My second mistake in my expectations was to forget the American way of making learning also entertaining. Both instructors did an excellent job, compared to my old-fashioned Red Cross class. You can talk about emergencies and serious injuries and still have fun. Bravo to that one!

Because the weather was fair, we did most of the practical exercises outdoors. We took turns being"patients” or” rescuers”. The first group of patients didn't have to do much pretending when it came to hypothermia. They lay down on remaining patches of snow and waited while we"wannabe rescuers” took our time evaluating and discussing the situation. Finally, the supposed-to-be-unconscious patients complained:"How about putting one of those pads under me. I'm getting cold.” So much for quick response!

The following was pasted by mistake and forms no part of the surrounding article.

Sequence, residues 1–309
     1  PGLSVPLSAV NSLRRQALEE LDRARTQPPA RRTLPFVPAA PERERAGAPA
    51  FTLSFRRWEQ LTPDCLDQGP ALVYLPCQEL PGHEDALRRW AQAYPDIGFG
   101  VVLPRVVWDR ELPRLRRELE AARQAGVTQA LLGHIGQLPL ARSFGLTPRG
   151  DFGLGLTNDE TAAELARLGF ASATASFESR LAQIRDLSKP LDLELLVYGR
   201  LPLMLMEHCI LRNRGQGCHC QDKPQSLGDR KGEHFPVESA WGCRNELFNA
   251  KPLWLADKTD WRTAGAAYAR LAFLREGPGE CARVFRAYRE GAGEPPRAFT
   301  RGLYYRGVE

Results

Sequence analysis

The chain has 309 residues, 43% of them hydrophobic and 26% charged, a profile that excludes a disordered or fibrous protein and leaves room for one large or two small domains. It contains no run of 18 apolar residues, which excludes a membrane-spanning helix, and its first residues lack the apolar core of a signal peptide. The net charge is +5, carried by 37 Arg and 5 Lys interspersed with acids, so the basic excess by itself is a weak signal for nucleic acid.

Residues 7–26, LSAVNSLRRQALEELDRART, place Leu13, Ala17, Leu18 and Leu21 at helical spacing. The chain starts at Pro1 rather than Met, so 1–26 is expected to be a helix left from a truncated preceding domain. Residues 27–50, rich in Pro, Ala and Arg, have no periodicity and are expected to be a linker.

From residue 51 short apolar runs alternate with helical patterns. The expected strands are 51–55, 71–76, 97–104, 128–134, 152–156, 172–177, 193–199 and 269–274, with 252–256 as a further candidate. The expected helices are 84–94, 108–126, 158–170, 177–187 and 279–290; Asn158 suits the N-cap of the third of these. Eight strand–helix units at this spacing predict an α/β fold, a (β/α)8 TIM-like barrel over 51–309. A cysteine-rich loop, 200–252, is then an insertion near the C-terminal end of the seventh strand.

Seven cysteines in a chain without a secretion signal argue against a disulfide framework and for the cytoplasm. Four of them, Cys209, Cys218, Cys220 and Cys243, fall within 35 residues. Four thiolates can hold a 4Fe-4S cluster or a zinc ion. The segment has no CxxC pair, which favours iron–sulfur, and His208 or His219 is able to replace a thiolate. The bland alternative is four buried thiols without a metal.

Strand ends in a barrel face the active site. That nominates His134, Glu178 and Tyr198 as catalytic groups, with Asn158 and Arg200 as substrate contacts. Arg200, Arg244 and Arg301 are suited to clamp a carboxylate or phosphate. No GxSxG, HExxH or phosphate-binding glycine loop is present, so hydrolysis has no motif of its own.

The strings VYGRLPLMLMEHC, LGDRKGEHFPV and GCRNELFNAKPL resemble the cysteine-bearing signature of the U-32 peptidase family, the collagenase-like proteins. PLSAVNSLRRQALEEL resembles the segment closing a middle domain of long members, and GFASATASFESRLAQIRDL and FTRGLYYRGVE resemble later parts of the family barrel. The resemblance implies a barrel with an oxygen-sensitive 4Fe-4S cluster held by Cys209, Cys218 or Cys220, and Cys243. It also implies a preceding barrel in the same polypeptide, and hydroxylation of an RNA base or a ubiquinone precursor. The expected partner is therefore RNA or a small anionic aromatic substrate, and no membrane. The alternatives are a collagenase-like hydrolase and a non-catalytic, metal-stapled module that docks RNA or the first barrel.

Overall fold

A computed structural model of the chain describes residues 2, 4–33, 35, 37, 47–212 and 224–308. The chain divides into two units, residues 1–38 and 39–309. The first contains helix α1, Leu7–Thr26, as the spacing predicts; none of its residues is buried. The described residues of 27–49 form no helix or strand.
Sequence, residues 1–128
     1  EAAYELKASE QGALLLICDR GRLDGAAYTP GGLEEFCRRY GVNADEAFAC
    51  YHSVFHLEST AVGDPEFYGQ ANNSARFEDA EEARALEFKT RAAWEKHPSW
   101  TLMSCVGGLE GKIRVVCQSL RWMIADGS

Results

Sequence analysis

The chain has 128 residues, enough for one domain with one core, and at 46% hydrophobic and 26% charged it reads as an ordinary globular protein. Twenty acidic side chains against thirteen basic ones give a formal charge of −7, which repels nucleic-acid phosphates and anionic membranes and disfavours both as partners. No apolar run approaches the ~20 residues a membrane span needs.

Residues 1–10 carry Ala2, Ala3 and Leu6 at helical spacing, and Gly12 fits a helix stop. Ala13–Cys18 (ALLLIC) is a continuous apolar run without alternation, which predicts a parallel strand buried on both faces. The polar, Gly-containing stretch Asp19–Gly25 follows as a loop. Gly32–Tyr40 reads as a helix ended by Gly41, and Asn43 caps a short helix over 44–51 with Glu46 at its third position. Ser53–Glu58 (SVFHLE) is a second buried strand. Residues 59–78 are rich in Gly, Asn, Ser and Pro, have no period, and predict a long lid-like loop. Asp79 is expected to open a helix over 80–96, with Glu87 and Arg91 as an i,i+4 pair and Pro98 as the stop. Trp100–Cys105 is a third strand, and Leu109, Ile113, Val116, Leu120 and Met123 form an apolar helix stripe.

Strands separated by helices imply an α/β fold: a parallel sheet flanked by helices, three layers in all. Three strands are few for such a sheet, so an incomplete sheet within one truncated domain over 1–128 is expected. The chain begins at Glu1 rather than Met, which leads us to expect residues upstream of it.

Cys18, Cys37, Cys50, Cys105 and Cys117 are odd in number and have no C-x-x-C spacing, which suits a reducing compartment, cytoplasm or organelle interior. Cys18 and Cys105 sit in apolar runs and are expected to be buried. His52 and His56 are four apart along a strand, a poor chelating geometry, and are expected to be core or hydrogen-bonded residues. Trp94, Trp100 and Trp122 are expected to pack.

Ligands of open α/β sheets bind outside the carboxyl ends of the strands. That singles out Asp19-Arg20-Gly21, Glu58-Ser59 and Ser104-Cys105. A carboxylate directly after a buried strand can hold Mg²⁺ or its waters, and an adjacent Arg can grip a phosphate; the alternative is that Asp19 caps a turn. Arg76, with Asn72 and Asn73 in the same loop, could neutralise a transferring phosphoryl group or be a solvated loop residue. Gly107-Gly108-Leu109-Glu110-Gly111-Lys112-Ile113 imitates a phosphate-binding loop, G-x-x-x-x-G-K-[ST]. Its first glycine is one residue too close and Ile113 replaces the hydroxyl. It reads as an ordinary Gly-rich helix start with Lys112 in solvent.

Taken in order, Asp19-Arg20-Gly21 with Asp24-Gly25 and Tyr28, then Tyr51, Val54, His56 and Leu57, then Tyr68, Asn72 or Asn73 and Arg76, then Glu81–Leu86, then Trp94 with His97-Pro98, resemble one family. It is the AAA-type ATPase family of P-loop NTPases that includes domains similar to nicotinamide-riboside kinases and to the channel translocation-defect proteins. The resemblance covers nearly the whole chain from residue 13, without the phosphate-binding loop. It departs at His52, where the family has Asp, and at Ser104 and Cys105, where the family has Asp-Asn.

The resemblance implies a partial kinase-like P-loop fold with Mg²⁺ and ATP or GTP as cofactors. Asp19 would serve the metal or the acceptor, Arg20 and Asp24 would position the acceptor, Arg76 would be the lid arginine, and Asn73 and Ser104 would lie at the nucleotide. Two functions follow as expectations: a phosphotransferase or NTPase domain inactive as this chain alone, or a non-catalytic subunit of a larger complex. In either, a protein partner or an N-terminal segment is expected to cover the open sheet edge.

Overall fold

I learned the importance of carrying pencil and a"SOAP note” in my pack."SOAP” stands for Subjective, Objective, Assessment Plan. This piece of paper contains an overview of what needs to be done in what order, and is also a place for notes. That is certainly helpful guidance in a real emergency situation where panic is likely to have the upper hand.

The quality of the instruction was well worth the price. The certification is valid for two years from the date of the class. This makes sense considering how fast we forget things we don't practice regularly. Which is fine with me — not having to use my first aid training, that is.

    Wolfgang Hokenmaier

Take A Trip

If you would like to lead a hike, or help with planning the outing schedule, Paul and Phil would like to hear from you.